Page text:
Design & People

Design & People identify how design can intervene to make a contribution to the ongoing efforts to improve the lives of people disadvantaged by war, disability, and political and environmental conditions. We unite and encourage graphic, industrial and architectural designers to use their experience and skills towards social and humanitarian projects. Mission: Design For People In Need.

Beneficiary: Thai Lawyers for Human Rights (TLHR), Thailand
(Written by: Keiko Sei | Edited by: Dr Aparna Rao)

The approved identity of Thai Lawyers for Human Rights (TLHR) from Design & People. (Designer: Santosh Kangutkar, Mumbai)

The approved identity of Thai Lawyers for Human Rights (TLHR) from Design & People. (Designer: Santosh Kangutkar, Mumbai)

THOSE who admire the work of Thai Lawyers for Human Rights (TLHR) and also those who need their help must have noticed the new identity of the Thailand-based organisation. The neat font of TLHR in a combination of black and orange (TLHR's signature color) with an emphasis of H of human where a noticeable logo design symbolises a combination of gavel and law book.

The design is by Santosh Kangutkar, a Mumbai-based graphic designer, and was coordinated by an India-based organisation called the Design & People (D&P). The organisation was established in 2003 with an aim to launch what they call "design activism", offering design to organisations that deserves a good design but cannot afford a huge sum of commercial designers. In India alone, they have helped numerous organisations and campaigns, one of them being Friends of Tibet, their kind of spin-off organisation that works closely with HH the XIV Dalai Lama.

Design & People mission statement states "Today, at a time when regimes emerge by crushing "others" to establish themselves as supreme powers, we at Design & People empathise with all those who struggle to safeguard humanity and their natural environment." Creative individuals have used their talent as a tool of resistance in the face of oppression since the dawn of humanity. The process is ongoing and unending, since man is a 'thinking' being.

Design & People occupies this area of 'resistance with creativity' — opening up a vast space for free dialogue that is needed globally in order to have broader perspectives on people's issues in the present context. " Sethu Das, Co-Founder of Design & People visited Thailand earlier this year with the agenda of researching local activists as well as interviewing ajarn Sulak Sivaraksa, his long-time associate through activities on Tibet and the Dalai Lama.

In his search, Sethu Das 'discovered' TLHR, learned about their reputation and knocked on the doors of TLHR. As he was listened to the organisation's activities from the members, he noticed design sketches that one of the staff was drawing. They told him that they were planning to have a new logo. He immediately offered to help. And thus began the collaboration between lawyer-activists and designer-activists.

Back in India, Design & People immediately announced the project through the organisation's well established network of designers — all offering their skills in a voluntary base — throughout India. Soon, 38 designs options were submitted. From this the organisation shortlisted design options from Mathewkutty Mattam, Bina Nayak and Santosh Kangutkar, and finally the one by Kangutkar was selected by the members of TLHR. Later D&P and TLHR discussed the details further to fine-tune it. The result is the new logo that we have been seeing since the September 1, 2017.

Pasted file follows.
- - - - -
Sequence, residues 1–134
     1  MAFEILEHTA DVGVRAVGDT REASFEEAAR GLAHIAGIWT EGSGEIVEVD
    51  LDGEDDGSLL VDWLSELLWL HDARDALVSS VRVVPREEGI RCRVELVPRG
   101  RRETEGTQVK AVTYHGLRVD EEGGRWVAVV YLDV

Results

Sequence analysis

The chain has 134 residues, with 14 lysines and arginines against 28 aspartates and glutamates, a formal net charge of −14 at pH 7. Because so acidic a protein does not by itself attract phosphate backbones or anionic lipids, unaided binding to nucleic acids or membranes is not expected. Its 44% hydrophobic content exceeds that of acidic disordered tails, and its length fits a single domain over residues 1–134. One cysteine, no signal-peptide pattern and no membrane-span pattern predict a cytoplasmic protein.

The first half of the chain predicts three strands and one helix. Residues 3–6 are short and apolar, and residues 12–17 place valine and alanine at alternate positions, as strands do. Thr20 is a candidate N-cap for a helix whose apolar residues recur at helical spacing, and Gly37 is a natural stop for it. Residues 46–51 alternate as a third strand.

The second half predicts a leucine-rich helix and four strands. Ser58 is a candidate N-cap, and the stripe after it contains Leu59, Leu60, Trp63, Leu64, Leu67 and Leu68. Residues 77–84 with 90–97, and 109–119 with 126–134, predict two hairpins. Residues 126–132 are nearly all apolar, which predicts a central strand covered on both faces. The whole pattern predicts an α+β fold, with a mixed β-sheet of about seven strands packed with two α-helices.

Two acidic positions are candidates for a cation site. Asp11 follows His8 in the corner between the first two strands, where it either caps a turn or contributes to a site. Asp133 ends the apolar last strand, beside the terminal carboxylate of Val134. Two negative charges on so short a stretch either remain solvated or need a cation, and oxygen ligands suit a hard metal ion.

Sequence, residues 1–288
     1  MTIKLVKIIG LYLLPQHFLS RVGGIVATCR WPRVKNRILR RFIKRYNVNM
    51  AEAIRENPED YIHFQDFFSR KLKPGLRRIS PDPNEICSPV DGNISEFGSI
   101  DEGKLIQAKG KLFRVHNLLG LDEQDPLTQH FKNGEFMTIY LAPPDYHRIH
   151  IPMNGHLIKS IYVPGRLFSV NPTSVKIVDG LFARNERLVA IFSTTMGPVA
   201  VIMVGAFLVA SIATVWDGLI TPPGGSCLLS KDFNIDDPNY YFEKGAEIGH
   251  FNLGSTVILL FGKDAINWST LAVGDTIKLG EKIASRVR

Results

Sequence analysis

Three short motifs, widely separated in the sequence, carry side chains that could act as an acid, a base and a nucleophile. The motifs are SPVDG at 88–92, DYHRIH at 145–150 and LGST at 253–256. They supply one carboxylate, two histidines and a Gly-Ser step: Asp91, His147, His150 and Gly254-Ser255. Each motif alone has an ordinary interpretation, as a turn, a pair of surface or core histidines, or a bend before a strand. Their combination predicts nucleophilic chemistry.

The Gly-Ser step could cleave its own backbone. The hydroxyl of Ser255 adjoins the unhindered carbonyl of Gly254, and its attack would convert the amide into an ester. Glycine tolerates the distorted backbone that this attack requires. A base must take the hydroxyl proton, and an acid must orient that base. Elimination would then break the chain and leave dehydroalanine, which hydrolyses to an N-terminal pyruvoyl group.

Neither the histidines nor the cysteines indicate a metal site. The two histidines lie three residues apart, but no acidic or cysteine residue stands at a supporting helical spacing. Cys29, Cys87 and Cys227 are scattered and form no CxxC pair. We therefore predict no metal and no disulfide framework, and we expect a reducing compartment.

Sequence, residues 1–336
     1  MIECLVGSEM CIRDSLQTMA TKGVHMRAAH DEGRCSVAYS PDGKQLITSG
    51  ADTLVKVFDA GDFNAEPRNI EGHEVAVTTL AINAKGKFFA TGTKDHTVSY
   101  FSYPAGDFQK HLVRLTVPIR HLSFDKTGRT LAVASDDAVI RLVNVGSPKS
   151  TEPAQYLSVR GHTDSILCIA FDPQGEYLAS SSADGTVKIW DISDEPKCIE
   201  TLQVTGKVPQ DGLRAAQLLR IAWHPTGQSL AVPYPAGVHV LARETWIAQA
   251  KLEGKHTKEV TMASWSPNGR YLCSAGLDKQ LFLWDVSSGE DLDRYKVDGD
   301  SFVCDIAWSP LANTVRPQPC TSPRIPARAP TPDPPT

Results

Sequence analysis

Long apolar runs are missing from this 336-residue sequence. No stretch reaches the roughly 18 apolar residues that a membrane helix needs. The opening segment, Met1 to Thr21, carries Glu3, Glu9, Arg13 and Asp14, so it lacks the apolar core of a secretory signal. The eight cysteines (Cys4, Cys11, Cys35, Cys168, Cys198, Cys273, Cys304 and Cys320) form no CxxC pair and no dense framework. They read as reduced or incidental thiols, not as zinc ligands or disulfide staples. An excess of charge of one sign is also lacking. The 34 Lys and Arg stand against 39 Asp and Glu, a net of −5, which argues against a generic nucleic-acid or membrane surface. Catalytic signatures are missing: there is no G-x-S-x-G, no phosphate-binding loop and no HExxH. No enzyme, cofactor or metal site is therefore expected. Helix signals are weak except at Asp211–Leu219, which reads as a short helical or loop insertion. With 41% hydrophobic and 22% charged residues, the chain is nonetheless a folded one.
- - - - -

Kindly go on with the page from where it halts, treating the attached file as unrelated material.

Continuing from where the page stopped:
Santosh Kangutkar and D&P explained the concept behind the logo as "Gavel, the base of the logo, is a symbol of law. Two curvy strokes of the design symbolise care, also a hidden character of elephant, the national animal of Thailand. Lawyers of TLHR are intelligent and have the knowhow to fight for human rights." The members of TLHR also see archives in the H: book symbol, as archiving the abuse of human rights is one of their central activities.

In response to my question on his belief and conviction that TLHR was the right organisation for D&P to support and what he thinks of the new logo, Sethu Das replied: "Though we were not very familiar with the work of individual legal organisations in Thailand, including TLHR, we very well appreciated the courageous work carried out by Legal/Human Rights organisations and institutions in Thailand. We call the work 'courageous' because there is a huge difference between the role of a lawyer in Thailand and the role of a lawyer in India. We salute the spirit and conviction of young lawyers of TLHR in defending the rights of the oppressed section. My own visit to the TLHR office in Bangkok, Thailand helped me to understand its mission, work and also the challenges involved in greater detail. Long story short, we found each other. The identity developed by Design & People is a fitting one which goes well with the work culture of TLHR. We consider this a small reward for the meaningful work TLHR is doing in the field of Human Rights."

Kangutkar, also in response to my email question asking how he developed the concept of the design, said that after reading the detailed objectives, thoughts and the brief of TLHR sent by the organisation, the first thing that came to his mind was that the concept should be human and peace oriented, followed by an inspiration during the exchange with TLHR. He also said he felt great that his design identity has been used by the organisation that he appreciates with their works and helping of human rights. He would like to support the organisation in future as well.

Shortlisted logo options for Thai Lawyers for Human Rights (TLHR), Thailand. (Designers: Mathewkutty J Mattam, Bangalore | Bina Nayak, Goa)

Shortlisted logo options for Thai Lawyers for Human Rights (TLHR), Thailand. (Designers: Mathewkutty J Mattam, Bangalore | Bina Nayak, Goa)

Advocate Jutharat Kultankitja, one of the members of TLHR, explained why they selected this design from others as "TLHR decided to go with this logo because it most resonates our work. It incorporates international symbols of law and justice system and utilises the negative space well. While simple, it represents our identity well. Further, the selected logo also the fundamental ideas of the design and symbols, making it more memorable."